Spider With a Venomous Bite That Rots Human Flesh Discovered in Mexico

Researchers in Mexico have identified a new species of spider with venom that is capable of rotting human flesh.

A team from the National Autonomous University of Mexico (UNAM) found the spider, dubbed Loxosceles tenochtitlan, in the Valley of Mexico—a highland plateau in the center of the country where Mexico City is located.

The spider was named after Tenochtitlan, the ancient capital city of the Aztec Empire.

The arachnid belongs to a genus, or group of species, known as Loxosceles—which are commonly referred to as recluse spiders, violin spiders, brown spiders, fiddle-backs or reapers. They are known for their venomous bites which, while not fatal, can cause necrosis in the skin, leaving a permanent scar.

According to the UNAM team, Mexico has the highest diversity of Loxosceles spiders in the world being home to around 40 of the 140 known species. The researchers say the newly identified species is the first that's considered native to the Valley of Mexico region.

The team led by Alejandro Valdez-Mondragón from UNAM's Institute of Biology said that there were already records of Loxosceles tenochtitlan—although scientists had previously assumed that these specimens represented the already-known species Loxosceles misteca. This species is native to the the Mexican states of Morelos and Guerrero, although it has been introduced into the Valley of Mexico.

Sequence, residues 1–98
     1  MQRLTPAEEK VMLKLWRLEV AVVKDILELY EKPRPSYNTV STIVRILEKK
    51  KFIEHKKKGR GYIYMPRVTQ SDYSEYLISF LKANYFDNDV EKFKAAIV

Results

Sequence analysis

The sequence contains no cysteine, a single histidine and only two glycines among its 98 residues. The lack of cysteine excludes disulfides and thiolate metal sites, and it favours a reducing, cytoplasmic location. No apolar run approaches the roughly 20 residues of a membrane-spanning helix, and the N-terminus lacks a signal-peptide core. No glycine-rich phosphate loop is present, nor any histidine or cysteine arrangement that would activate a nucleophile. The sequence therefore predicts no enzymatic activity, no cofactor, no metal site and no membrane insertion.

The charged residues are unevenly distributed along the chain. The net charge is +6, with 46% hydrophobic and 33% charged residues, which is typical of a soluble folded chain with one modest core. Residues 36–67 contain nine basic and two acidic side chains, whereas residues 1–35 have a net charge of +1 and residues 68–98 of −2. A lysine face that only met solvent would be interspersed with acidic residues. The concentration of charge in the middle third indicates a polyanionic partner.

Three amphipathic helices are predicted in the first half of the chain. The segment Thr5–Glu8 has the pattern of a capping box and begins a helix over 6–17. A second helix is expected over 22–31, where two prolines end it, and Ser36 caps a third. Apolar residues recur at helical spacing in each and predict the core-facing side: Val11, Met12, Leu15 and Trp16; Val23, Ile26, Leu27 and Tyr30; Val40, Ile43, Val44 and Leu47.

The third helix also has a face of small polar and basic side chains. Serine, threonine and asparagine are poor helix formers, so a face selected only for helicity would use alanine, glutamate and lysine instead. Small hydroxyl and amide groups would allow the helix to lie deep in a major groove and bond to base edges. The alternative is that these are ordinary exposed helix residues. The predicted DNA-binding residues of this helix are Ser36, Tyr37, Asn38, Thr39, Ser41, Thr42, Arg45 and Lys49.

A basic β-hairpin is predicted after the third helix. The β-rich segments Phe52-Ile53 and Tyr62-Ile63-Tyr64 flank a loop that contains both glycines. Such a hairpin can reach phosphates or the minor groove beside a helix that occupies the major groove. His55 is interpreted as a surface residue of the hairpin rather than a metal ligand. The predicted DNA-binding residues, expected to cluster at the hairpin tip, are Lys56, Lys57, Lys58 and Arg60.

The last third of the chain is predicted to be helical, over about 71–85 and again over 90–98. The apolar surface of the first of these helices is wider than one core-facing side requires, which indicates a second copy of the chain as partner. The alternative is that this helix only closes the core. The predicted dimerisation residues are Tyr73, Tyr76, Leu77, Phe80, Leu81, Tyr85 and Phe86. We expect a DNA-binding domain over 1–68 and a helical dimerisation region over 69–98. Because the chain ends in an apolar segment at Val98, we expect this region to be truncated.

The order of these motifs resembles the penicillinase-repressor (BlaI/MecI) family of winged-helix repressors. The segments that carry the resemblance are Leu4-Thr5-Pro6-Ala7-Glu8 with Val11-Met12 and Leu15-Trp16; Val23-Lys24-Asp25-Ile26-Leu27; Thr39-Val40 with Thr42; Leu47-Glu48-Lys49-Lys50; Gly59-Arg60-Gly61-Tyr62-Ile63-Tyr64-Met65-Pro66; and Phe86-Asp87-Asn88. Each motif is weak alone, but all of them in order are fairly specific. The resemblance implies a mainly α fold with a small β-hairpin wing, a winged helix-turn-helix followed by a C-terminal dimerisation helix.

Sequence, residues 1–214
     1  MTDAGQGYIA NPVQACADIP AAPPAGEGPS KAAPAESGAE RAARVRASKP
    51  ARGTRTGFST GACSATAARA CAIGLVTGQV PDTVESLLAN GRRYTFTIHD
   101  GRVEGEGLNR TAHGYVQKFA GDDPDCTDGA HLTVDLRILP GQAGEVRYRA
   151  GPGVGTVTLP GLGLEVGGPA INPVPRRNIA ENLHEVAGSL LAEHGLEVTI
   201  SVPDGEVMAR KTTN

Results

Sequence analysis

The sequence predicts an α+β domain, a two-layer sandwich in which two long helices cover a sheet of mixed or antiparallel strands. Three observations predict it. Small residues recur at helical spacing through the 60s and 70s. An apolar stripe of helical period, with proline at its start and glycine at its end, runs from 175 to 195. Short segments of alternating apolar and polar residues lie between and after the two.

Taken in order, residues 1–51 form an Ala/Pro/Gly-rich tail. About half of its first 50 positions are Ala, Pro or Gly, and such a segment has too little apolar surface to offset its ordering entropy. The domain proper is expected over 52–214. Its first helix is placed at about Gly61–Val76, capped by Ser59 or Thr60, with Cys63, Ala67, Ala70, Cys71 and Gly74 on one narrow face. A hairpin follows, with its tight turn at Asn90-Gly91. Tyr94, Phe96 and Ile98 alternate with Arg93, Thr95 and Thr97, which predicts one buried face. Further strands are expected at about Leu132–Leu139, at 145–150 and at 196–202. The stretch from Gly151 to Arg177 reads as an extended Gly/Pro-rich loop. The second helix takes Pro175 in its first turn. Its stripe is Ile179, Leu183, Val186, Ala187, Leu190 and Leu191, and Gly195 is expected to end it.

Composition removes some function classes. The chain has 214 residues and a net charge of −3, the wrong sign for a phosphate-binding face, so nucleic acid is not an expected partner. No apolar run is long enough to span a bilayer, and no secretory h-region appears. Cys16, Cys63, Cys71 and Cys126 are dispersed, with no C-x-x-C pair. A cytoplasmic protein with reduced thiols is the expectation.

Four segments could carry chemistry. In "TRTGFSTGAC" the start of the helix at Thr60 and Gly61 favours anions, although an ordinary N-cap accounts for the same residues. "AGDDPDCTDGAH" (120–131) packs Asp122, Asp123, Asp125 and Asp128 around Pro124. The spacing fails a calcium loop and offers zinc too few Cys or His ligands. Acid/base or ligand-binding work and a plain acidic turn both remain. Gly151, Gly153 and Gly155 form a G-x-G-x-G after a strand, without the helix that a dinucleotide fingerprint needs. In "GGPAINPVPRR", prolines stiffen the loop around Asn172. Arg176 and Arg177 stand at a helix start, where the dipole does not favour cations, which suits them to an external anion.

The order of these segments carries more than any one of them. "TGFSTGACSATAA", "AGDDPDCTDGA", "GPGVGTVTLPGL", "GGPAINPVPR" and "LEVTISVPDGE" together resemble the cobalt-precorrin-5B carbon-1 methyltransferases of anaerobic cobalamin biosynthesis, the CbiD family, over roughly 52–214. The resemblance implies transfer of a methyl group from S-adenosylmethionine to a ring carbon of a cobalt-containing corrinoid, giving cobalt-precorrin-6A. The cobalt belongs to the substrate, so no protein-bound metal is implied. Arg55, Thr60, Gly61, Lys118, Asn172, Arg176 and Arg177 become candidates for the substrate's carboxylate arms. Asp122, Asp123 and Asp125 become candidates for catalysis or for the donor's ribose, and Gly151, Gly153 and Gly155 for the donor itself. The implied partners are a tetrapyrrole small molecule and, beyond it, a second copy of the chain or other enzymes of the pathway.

"As [Loxosceles tenochtitlan] is morphologically similar to [Loxosceles misteca,] it was initially thought that it had been introduced to this region by the shipping of ornamental plants. But when doing molecular biology studies of both species, we realized that they are completely different," Valdez-Mondragón said in a statement.

According to the team, the main differences can be seen in the male spider's palps—an organ of touch in arachnids—and the sexual organs of the female. L. tenochtitlan also has a distinct look in comparison to L. misteca.

venomous spider, Loxosceles tenochtitlan
The newly identified spider Loxosceles tenochtitlan. UNAM

"At first glance [L. tenochtitlan] can be identified because its dark brown color is not striking, and, unlike other species in the country, it has a dorsal pattern in the form of a very visible violin, hence its name," Valdez-Mondragón.

The researchers said that these spiders generally try to avoid contact with humans, but they may bite in defence if they feel threatened.

In urban areas, the spiders tend to live in places like warehouses or in trash—which attracts insects that they eat, such as cockroaches, flies and mealybugs. They can also be found in homes, where they may hide among clothes, furniture or in walls.

"We provide them with the temperature, humidity and food so that they are established in our homes, which puts us at risk of having an accident with them, although feeding on insects also performs an important ecological function," Valdez-Mondragon said.